Just as you can’t win the lottery without buying a ticket, you can’t improve your prayer life by not praying.

Like anything else, faith and prayer do not come naturally and we’re not necessarily good at it at first. It takes practice and hard work and patience. But most of all—maybe first of all—it takes showing up. As much as faith is a gift of God and as much as we cannot control how God will respond to us, we absolutely can control how openly and readily we show up to God.

Because really, God is always showing up to us. When we’re comfortably and content, God is there. When we’re proud and arrogant, God is there. When we’re lonely and tired, God is there. God is always there, showing up to us, waiting for us to show up to him.

This Lent, make why not show up to God a bit more? Why not make your prayer one of fidelity, a steadfast commitment to spend time with God no matter what is going on in our lives? It may not sound like much, but sometimes it’s the simplest things that we forget that can make the biggest difference.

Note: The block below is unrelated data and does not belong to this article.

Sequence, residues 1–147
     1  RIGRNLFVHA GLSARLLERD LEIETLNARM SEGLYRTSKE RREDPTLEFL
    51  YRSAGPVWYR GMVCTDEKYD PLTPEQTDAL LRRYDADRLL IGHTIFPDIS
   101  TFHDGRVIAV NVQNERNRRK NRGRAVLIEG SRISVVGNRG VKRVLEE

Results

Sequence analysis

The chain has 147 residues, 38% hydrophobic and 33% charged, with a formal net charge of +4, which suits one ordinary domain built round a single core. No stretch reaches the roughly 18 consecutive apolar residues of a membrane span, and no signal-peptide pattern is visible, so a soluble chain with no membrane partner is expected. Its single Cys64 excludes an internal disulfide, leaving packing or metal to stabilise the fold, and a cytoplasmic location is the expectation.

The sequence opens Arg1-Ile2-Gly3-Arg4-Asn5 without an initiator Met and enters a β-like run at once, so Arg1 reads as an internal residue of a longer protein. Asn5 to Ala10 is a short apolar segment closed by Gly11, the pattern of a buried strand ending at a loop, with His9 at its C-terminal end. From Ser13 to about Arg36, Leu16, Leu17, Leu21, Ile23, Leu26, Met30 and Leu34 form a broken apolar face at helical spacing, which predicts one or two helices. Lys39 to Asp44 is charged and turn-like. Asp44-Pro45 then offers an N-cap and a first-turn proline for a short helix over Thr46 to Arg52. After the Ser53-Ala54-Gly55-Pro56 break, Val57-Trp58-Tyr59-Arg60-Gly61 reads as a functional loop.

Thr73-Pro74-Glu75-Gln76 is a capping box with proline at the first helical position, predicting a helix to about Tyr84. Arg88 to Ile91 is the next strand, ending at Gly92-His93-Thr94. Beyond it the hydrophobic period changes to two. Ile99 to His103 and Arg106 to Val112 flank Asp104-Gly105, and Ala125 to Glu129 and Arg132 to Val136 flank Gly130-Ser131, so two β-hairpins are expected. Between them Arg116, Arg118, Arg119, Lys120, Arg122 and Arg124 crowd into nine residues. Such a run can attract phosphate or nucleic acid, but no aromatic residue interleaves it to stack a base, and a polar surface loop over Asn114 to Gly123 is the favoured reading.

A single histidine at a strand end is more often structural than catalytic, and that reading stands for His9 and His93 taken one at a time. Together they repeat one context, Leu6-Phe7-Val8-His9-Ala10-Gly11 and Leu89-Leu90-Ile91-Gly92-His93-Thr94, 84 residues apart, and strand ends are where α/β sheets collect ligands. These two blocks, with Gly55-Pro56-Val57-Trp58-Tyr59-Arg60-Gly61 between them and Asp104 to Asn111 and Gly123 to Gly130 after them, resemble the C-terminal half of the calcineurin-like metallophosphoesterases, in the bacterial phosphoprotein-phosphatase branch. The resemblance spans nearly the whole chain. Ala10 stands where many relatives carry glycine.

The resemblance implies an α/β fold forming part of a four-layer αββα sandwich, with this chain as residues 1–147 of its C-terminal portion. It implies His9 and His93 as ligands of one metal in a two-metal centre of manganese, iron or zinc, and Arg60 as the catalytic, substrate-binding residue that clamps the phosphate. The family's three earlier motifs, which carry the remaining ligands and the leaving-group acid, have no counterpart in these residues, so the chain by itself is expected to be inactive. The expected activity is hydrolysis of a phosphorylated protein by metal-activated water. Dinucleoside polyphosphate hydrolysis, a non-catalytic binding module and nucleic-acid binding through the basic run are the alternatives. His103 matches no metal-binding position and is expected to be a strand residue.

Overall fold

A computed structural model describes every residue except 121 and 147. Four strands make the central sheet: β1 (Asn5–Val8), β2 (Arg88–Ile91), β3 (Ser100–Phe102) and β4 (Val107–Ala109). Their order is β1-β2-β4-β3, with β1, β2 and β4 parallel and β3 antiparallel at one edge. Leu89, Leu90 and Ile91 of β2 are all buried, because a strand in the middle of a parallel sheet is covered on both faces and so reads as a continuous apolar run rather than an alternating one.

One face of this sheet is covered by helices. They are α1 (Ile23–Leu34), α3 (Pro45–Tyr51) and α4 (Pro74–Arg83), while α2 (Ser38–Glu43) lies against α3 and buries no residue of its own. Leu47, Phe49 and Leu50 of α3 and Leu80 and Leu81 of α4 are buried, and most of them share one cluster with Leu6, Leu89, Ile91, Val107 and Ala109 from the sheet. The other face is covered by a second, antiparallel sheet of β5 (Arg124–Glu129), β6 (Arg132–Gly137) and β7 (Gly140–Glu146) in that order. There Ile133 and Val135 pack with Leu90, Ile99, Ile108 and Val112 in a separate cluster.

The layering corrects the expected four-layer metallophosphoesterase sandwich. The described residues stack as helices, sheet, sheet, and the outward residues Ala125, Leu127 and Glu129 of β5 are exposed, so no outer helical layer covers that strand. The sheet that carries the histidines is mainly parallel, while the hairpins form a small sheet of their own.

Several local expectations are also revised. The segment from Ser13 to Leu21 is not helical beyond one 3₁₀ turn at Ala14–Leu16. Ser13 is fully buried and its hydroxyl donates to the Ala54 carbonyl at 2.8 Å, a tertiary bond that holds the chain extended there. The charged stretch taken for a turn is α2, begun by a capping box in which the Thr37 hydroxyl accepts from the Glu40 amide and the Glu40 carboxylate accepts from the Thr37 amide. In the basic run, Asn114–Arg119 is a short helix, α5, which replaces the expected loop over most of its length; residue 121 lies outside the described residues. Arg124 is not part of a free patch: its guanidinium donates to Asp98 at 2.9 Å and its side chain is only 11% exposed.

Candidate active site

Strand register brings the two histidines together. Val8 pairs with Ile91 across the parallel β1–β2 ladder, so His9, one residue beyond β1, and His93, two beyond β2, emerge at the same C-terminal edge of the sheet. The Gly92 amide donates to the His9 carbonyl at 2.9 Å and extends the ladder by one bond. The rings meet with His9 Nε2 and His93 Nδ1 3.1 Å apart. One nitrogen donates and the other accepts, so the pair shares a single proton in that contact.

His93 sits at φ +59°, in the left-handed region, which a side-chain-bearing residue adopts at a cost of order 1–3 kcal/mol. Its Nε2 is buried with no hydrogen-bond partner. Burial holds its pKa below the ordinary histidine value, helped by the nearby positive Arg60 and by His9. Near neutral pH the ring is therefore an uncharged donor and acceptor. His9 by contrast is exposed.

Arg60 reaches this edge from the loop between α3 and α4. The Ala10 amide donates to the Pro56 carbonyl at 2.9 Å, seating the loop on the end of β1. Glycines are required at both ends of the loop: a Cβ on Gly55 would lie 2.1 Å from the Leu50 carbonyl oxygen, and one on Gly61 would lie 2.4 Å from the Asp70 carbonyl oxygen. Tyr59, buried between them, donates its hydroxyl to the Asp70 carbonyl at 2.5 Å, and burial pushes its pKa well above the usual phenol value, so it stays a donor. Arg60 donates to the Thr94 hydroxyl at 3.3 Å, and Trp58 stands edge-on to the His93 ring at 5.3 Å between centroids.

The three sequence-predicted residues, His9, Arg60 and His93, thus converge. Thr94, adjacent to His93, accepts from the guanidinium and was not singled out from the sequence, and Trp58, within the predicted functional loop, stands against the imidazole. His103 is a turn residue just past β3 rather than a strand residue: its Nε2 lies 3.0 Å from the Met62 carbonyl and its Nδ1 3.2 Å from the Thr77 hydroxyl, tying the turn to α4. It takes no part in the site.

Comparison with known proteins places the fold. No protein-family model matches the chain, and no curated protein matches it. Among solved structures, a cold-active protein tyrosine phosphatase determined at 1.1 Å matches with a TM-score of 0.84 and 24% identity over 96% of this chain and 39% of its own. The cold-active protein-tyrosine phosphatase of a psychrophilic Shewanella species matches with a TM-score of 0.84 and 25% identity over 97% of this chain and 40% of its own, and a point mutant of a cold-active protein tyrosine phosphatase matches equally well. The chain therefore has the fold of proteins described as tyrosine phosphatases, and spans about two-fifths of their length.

If you’re interested in buying my new book, Called: What Happens After Saying Yes to God, I just found out yesterday that it has left the printer and is ready to be purchased! You can click here to find it on Franciscan Media’s website.

Called to Discern

“What are you going to do with your life?” For many, there is no more important (or stress-inducing) question in all of the world, which is why I put them front and center as the opening words of my new book Called: What Happens After Saying Yes to God. Since the way we answer the big questions of life—what career you’re going to pursue, who you’re going to marry, where you’re going to live—has the power to shape everything about our lives, definitively answering these questions, as quickly and thoroughly as we can, would seem to be the very goal of life itself. As agonizing as it may be to pass through a period of unknowing, to wait for God to help us figure everything out, we know that once we answer those questions everything will get easier.